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Roy Montgomery - Suffuse Music Album Reviews


After tentative vocal experiments on 2016’s R M H Q, the New Zealand guitarist crafts an entire album around guest singers, all women, in which he progressively blurs the traces of his own handiwork.

In 2016, veteran experimental guitarist Roy Montgomery fully shook off a decade-long musical hibernation with the four-LP set R M H Q: Headquarters. Three of the albums were entirely instrumental. Only the first, R: Tropic of Anodyne, featured the New Zealand musician’s voice: a world-weary baritone that dipped in and out of shadowy curtains of guitars. An artist whose most evocative music has historically been instrumental, Montgomery seemed wary of the prospect of singing even as he committed to it. “Where’s the value in cadence?/What makes lyrics sublime?” he wondered out loud on R: Tropic of Anodyne’s title track. The voice may be the most immediately human component to any piece of music, but vocalizing is an inherently vulnerable endeavor. It originates in the body and travels to another body with no intermediary.

For his new album, Suffuse, Montgomery took his discomfort with his own voice as an opportunity to open his music up to a roster of full-time singers. Built on R: Tropic of Anodyne’s outtakes, Suffuse boasts a different guest vocalist for each track. All are women, and Montgomery tailored each song’s instrumentals to each woman’s particular vocal style. Circuit des Yeux’s Haley Fohr opens the album with her formidable contralto, flooding a composition that doesn’t fall far from R: Tropic of Anodyne’s severity. Grouper’s Liz Harris closes it, her voice barely audible amid a wash of distorted guitars.

Male songwriters often compose for and with female pop singers, but such an arrangement is rarer in experimental music, where the idea of fixed individual artistry holds greater sway. Throughout Suffuse, Montgomery seems to try to shake that pretense. He dissolves his creative control as the album unfolds; while opener “Apparition” sounds like an R M H Q B-side with a slightly different vocalist, Julianna Barwick floods “Sigma Octantis” with her signature vocal layers, and the closing track with Harris could have been cut from a Grouper album. Montgomery’s creative thumbprint fades under his collaborators’. Throughout Suffuse, he tries with increasing fervor to lose himself.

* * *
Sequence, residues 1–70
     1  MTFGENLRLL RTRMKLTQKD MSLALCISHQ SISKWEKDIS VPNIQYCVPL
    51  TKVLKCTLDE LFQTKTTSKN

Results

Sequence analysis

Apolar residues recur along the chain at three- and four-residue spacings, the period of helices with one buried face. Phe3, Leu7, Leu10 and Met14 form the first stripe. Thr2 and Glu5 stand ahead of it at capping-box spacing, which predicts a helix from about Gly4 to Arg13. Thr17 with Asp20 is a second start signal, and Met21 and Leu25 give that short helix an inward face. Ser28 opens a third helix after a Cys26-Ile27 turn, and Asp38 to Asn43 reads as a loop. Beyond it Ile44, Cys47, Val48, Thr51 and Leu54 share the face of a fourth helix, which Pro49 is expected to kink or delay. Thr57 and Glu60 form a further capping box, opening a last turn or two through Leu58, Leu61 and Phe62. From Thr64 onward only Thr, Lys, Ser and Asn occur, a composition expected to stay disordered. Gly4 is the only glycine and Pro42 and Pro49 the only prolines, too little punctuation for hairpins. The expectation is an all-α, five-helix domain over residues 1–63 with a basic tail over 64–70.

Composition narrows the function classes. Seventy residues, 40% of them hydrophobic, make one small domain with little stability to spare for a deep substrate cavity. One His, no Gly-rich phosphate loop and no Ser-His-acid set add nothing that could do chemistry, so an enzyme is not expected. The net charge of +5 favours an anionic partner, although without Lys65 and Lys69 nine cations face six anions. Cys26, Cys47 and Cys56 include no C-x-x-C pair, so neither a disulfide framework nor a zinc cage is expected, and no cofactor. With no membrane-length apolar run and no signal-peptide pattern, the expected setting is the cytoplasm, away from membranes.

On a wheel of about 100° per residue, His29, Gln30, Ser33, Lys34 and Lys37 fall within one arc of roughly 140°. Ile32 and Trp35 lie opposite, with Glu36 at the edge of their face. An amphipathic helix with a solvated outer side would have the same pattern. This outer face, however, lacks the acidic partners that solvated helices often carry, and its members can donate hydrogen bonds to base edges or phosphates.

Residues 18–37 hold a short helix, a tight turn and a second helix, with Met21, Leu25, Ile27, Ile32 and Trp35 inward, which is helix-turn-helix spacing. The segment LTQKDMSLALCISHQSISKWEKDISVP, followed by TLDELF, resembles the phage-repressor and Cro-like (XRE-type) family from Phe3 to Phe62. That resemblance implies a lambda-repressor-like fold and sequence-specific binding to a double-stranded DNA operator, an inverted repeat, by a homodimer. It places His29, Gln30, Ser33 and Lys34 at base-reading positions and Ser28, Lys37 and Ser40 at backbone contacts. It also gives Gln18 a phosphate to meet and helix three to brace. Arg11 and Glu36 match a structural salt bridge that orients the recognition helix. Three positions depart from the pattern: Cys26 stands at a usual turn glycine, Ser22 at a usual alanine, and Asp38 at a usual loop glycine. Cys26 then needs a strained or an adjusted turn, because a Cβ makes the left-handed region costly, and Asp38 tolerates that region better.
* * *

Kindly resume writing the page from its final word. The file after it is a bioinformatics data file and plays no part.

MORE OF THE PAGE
Montgomery wrote the lyrics to the first three songs on the album, but let the guest vocalists hold the pen on the latter half, and you can hear his language slip at the midway point. Side A writhes with desire: specifically, the forthright hunger that tends to be associated with masculinity. “Have you something for me?” quakes Fohr on “Apparition,” while Katie Von Schleicher takes point on the frayed sexual longing of “Outsider Love Ballad No. 1.” “Hear me dying in the dark for something that smells of you/Here’s me lying on a bed that could have been stained with you," she snarls. Her voice snags along a trio of repeating melodic peaks like she’s clawing her way up a gravelly mountainside. The smell and the stain in Montgomery’s lyrics recall the tactile, violent hunger of Pixies’ “Cactus,” and so does the grain of Von Schleicher’s delivery, which ranks among the album’s most compelling. Montgomery wrote the song’s spare chord progression to suit her voice, and she pulled her voice threadbare to suit his lyrics: an astonishing exchange of artistry.

By “Mirage,” when the sisters Clementine and Valentine Nixon of Purple Pilgrims throw a hush on the music, Montgomery relaxes his grip. He can still be heard in the tone and the pace of the guitars that fall behind the vocals, but he has withdrawn from the foreground. His guest singers sound less and less like him, their voices higher and airier, and he swaddles the guitars in additional reverb to complement the shift. Few albums lay bare the process of their making quite like Suffuse; fewer still evince a desire on the part of the artist to relinquish control, piece by piece, until they have all but handed the reins to someone else. By introducing some of the era’s most compelling women singers to his music, Montgomery uncaps the catharsis that comes when you don’t have to sound like yourself. The rigid boundaries of self and gender fall away the more he unclenches from them, and in the space that’s opened, he finds new ways to let his music speak.

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